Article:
raging breaking receding
clinging dragging groaning
again and again and again
Like a mighty conqueror he rises and explodes, majestic, electrifying, wrecking havoc; and then recedes with calm dignity, undisputed master.
I yearn to drown in the throes of his brutal passion and unbridled life.
Instead I stand, alone in my knowledge – the sea is not my lover, for he does not hurt me.
“This is where you met daddy? That’s so romantic,” she gushed, and then softly added, “I miss him.”
“I do too, munchkin, but he’s always in our hearts, remember.”
Bending, I whispered, “That’s the tree under which he proposed to me. It’s my favourite tree.”
“But your tree has a big scary hollow, mama.”
“No baby, that’s it’s soft mushy heart where people in love leave letters for one another.”
“Really?” she squealed, “Did daddy leave letters for you?”
“Ofcourse. And someday some very handsome young man will be leaving letters for our princess too.”
In response to the Friday Fictioneers challenge of 20 October based on a photo by Sandra Crook
When he lost mum, his beloved wife of 52 years, I expected changes.
I expected depression, memory loss, crankiness, health issues. What I did not expect was for him to call me up and announce that we were going to Egypt.
My parents did not travel.
Theirs was not an extraordinary tale.
They were born in Puducheri, went to school here, and lived their life here. He as a boring Chemistry professor, and she a History teacher. Thanks to mum’s fear of flying, they never went anywhere further than where a car or a train could take them, and even that was rare.
So where did this sudden inspiration to travel come from?
It wasn’t like he was very excited to be in Egypt either. He glumly followed the tour guide where ever he led.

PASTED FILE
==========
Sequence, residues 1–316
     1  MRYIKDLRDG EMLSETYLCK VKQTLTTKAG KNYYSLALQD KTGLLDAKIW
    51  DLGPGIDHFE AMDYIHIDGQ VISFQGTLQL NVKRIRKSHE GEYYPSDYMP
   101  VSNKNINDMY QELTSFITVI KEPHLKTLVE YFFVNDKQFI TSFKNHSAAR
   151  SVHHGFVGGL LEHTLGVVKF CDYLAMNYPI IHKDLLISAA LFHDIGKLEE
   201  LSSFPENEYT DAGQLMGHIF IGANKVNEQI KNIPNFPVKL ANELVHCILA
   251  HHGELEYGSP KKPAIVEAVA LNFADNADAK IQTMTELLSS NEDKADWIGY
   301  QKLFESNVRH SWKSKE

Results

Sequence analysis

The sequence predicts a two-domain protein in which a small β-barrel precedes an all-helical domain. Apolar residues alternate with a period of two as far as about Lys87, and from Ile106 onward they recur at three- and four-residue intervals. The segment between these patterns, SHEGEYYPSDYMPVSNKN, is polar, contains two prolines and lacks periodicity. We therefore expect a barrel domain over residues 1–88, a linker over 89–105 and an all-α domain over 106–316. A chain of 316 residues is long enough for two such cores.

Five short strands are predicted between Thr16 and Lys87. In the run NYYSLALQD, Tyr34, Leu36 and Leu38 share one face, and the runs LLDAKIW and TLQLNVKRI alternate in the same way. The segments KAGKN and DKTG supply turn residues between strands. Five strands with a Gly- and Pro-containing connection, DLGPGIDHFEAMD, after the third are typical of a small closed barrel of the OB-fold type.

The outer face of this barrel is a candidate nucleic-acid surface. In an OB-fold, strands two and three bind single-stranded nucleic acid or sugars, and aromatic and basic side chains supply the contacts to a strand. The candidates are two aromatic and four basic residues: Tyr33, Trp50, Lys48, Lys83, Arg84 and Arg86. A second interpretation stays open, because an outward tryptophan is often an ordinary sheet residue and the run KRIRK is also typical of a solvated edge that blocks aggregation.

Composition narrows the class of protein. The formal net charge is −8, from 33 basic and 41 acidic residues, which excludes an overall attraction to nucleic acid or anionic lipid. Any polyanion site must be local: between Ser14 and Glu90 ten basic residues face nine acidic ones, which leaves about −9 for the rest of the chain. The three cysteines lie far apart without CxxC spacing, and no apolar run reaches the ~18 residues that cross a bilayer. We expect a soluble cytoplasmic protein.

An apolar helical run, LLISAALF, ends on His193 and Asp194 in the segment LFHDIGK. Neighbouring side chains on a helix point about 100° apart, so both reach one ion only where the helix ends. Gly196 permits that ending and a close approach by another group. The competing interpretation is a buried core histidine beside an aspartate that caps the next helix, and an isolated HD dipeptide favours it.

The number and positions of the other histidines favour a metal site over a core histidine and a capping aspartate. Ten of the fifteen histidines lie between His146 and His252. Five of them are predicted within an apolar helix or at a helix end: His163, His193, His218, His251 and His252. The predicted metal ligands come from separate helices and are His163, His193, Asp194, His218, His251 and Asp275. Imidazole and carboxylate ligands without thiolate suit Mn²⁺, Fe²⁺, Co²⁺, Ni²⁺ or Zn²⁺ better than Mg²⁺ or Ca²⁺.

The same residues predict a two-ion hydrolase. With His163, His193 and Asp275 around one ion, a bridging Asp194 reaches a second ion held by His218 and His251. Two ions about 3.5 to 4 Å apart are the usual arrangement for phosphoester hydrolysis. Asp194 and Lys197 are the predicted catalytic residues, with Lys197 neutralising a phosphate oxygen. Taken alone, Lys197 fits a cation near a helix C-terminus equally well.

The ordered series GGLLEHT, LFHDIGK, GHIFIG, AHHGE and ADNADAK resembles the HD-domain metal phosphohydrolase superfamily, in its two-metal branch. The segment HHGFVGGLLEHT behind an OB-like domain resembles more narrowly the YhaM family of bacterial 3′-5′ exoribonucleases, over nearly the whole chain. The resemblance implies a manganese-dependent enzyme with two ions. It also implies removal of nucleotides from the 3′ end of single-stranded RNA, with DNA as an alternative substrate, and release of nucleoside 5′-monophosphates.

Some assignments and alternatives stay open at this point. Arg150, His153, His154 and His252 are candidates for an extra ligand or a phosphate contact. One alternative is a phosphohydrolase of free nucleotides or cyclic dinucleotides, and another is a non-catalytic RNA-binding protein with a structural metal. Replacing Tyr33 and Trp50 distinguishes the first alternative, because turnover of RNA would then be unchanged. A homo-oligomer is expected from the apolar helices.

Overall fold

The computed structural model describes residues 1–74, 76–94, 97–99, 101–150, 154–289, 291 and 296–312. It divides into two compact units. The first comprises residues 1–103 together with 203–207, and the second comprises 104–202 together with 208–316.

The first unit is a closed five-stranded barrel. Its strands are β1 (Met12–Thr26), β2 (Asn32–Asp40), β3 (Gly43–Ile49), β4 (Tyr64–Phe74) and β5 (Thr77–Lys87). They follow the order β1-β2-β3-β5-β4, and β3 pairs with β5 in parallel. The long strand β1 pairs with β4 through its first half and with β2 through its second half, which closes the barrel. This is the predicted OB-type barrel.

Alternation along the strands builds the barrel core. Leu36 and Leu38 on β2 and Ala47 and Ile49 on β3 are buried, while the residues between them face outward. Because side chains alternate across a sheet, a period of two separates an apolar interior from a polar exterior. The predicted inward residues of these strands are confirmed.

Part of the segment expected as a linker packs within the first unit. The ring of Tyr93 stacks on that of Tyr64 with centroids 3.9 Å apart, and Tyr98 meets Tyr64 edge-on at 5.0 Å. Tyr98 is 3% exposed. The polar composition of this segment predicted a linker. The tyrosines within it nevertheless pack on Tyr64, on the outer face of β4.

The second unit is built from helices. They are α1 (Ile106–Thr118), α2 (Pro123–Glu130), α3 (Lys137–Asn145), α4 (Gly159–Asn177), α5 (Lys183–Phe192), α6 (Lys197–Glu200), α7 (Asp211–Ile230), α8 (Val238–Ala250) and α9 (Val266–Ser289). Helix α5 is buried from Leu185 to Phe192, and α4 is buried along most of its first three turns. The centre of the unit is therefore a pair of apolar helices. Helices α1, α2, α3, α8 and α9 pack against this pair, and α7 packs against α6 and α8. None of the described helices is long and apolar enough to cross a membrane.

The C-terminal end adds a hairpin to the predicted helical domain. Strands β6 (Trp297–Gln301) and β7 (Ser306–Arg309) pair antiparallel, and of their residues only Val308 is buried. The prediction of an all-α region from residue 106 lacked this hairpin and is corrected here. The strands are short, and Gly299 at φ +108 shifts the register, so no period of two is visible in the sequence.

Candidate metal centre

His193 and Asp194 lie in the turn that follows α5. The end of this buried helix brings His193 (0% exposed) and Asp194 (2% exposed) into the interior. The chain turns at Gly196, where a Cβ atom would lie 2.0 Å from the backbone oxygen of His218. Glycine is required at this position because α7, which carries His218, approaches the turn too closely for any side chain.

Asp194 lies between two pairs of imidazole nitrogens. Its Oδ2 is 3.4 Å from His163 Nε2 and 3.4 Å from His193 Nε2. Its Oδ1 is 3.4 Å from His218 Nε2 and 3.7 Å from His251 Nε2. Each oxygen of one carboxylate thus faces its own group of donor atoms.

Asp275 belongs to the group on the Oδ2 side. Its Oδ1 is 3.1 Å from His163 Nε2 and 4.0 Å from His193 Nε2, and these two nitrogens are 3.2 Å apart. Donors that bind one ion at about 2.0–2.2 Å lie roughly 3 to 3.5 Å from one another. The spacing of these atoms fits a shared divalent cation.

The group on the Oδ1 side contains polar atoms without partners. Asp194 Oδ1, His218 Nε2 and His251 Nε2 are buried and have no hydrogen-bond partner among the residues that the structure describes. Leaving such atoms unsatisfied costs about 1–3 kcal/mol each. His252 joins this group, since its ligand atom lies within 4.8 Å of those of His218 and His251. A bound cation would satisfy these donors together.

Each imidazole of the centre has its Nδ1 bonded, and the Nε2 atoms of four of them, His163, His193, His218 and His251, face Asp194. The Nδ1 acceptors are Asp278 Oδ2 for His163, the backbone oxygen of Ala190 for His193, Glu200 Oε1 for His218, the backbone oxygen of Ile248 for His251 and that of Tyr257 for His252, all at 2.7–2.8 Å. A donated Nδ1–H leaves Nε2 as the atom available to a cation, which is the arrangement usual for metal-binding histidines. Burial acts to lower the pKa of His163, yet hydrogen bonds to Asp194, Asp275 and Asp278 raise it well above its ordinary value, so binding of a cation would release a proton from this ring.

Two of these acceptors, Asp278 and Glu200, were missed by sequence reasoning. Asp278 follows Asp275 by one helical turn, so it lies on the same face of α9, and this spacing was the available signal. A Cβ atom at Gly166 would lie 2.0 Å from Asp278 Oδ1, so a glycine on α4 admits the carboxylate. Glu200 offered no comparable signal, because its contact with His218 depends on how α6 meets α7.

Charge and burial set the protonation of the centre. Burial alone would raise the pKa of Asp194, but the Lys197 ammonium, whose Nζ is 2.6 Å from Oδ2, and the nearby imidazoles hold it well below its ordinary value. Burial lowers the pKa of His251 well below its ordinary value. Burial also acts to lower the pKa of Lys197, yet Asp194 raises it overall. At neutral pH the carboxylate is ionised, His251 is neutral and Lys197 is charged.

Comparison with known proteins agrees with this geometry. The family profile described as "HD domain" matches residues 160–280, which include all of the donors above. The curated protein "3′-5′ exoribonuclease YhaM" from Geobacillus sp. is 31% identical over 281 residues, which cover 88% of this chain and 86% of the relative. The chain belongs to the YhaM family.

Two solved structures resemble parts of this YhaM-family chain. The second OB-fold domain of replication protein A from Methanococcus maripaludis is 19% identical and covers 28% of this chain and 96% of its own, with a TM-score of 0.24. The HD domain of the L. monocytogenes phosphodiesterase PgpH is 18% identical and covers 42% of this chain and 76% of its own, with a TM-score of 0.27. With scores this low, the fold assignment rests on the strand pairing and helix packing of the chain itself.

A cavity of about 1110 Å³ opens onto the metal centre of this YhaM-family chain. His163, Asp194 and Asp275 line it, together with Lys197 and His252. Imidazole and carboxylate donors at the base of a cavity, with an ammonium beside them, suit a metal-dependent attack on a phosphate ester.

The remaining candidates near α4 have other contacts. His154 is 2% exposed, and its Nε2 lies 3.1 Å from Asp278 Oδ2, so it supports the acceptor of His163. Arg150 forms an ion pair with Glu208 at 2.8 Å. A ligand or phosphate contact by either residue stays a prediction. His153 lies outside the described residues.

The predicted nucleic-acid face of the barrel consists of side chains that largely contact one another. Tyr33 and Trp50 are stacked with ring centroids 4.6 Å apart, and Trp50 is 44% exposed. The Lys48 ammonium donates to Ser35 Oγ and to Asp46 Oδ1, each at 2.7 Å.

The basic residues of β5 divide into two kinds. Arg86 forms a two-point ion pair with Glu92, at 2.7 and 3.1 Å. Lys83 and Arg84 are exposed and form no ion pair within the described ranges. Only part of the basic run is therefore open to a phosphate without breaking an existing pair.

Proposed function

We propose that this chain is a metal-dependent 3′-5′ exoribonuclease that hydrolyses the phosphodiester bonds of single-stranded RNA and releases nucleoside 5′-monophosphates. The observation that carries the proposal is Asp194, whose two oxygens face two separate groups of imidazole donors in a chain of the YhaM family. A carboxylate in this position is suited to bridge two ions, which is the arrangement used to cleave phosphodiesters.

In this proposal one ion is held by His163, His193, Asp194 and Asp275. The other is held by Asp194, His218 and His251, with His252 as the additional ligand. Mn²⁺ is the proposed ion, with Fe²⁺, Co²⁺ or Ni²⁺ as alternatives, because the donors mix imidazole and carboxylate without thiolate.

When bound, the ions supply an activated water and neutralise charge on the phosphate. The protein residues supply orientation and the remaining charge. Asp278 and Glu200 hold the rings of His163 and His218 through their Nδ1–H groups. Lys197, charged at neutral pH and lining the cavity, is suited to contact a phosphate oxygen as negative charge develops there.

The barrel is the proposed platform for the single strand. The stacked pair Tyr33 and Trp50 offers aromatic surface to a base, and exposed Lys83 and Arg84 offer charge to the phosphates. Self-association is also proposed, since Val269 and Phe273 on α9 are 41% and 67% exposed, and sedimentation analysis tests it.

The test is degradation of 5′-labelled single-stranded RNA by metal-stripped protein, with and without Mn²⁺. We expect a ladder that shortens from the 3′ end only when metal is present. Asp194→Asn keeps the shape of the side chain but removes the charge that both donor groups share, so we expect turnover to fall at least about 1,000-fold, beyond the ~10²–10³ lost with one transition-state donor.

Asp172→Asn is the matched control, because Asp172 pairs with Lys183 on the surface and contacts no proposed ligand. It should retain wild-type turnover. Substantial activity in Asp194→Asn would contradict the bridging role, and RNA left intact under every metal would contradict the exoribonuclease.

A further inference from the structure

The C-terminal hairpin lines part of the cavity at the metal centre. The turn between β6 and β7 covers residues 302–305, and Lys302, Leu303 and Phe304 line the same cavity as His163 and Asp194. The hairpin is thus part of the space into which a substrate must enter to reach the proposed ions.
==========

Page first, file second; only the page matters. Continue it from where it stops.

It was in the Valley of the Queens that he perked up. Looking all around, he finally picked a place, and proceeded to take a mysterious bag out of his fanny pack.
“Daddy, what are you planning to do?”
“Scatter her ashes.
Her greatest wish was to see the pyramids. I have finally brought her here.
Now my queen will rest amidst the other immortal queens.”
Written in response to the Sunday Photo Fiction challenge of October 8th 2017
Sensing my fear, Michelle slipped his hands into mine.
I liked that he didn’t question me or offer platitudes. It was more of a It’s ok, I got you kind of a gesture. He gave me the courage to look up, look around.
And I saw Adam.
I saw Adam coming down the travellator, his arms around a giggling brunette. Yes, Adam with his condescending jokes. Recalling his acrophobia japes reminded me that I was going uphill; UP A BLOODY MOUNTAIN. I froze.
“Shhh, almost there baby.” Michelle’s voice flowed through me like a soothing balm. Closing my eyes and mind, I leaned into him, until cool winds told me that we were already there.
I looked into Michelle’s warm eyes. Perhaps he was the one.
In response to Bikurgurl’s 100 Word Wednesday challenge of Week 39
based on a photo by Bikurgurl
I am a man of the soil, a farmer.
Wide open fields of lush green or honey brown, paths of mud and stiles, trees, grass, the song of birds and the gurgle of the stream, this is my world. Waking up to greet the dawn, toiling all day until I earn my rest, and then finally relaxing to the music of the insects as they dance with the winds. This is my day.
Not for me are the constraints and confines of city housing.
Yet I sit here today, in a compact apartment, overlooking another apartment, my closest link to the earth being a few potted plants, with a content smile on my lips.
It is the way of nature…
A man feels great satisfaction the day he builds his own home, but he feels even greater pride the day he steps into his son’s home.
In response to the 132nd Flash Fiction for Aspiring Writers challenge.